Velcro

The Problems of Velcro on Tactical Gear

 

It seems like a lot of the tactical gear and camo uniforms that are currently available use a lot of Velcro? Now new Velcro has it place for some uses it is quick and convenient.  But it’s also noisy, and when the going gets real dirty and muddy, it just doesn’t stick together anymore.

Personally, I try to avoid gear that uses Velcro.  On uniforms, I prefer buttons.  The stay closed, don’t catch on strange surfaces and last longer.  On tactical equipment I prefer the plastic squeeze clips like on surplus M16 magazine pouches and the square 2 quart canteen covers.  They stay closed and open silently.

Velcro
The plastic clips that are on the M16 pouches

Now I know all the arguments about noise not mattering and in most cases, they are right.  If you are in a firefight noise, doesn’t matter.  But there is always that one situation when noise matters.  If you are trying to stay concealed or out of sight when pulling security, and need to get something from a pocket or pouch the noise of the Velcro tearing open can give away your position.

What maybe a bigger problem is that it wears out or won’t hold after being in the mud or grass,  I have had it some types that wear out in a surprisingly short time.  Mud can be washed off, but I hate picking grass or foxtails out of it.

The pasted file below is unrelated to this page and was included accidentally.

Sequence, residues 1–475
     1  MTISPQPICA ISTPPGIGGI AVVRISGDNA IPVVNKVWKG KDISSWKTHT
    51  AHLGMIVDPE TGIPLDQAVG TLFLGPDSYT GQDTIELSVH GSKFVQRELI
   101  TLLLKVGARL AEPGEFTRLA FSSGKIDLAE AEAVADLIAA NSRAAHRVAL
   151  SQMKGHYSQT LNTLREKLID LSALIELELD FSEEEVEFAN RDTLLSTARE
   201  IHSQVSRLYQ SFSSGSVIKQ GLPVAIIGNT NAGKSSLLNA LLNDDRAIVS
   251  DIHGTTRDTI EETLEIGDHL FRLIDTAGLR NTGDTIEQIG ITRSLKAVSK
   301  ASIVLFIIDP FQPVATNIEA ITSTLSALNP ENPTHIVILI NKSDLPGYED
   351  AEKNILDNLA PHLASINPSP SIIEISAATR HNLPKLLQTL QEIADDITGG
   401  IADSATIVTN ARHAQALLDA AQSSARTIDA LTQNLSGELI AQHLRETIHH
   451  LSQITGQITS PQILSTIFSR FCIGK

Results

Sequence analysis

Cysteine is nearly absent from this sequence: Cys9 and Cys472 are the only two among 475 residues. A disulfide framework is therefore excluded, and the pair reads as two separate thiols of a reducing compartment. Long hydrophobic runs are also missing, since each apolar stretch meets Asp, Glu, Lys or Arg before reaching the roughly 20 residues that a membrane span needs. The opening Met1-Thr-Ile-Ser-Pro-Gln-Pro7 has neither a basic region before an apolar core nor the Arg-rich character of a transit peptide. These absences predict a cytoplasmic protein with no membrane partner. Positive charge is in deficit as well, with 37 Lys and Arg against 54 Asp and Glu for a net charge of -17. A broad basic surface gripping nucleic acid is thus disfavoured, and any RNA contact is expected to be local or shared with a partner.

Now there is one problem that I have became aware off, but does not apply to most US surplus gear.  Is cheap foreign made knock offs.  The Velcro brand is a better sealer, can hold with a tremendous amount of force and takes a longer time to wear out. Cheaper versions can load up with fuzz,  be affected by moisture, dirt, etc, are less durable and less capable of holding during extreme conditions.  So if you absolutely want Velcro make sure you are getting the real thing.

velcro
Velcro that has been in the grass
velcro
Velcro contaminated with lint

Like most things It has it place, I am just not sure that I want it on my tactical gear.  You might end up spending more time than you think in the field and you want your gear to last.

Howard

 

2 thoughts on “The Problems of Velcro on Tactical Gear”

  1. Veteran Who Is Preparing

    In US military manuals printed before 9/11 when they covered uniforms they said that zippers and velcro were not approved for use on uniforms. The reasons were 1) they are loud when you want silence 2) if exposed to flames (like from a flamethrower) velcro will melt so the clothing it is on can not be removed easily by medical personnel. I unfortunately used the early issue ACUs (the ones that split open on the crotch and nothing you did could fix it so everyone stopped trying even Field Grade officers). The velcro sucked and wore out fast. The only piece of velcro that didn’t was the one that held your rank because you hardly ever removed it. Velcro is a material I try to remove from gear and camo whenever it arrives. I bought bags of replacement buttons and fasteners for the job.

  2. Velcro has 2 distinct sides. Hook and loop. If you notice the contaminated pieces in the pictures are the hook sides. If you use velcro make sure the loop side is the one most exposed and this will minimize contamination. I agree it may not be appropriate for some long term uses.

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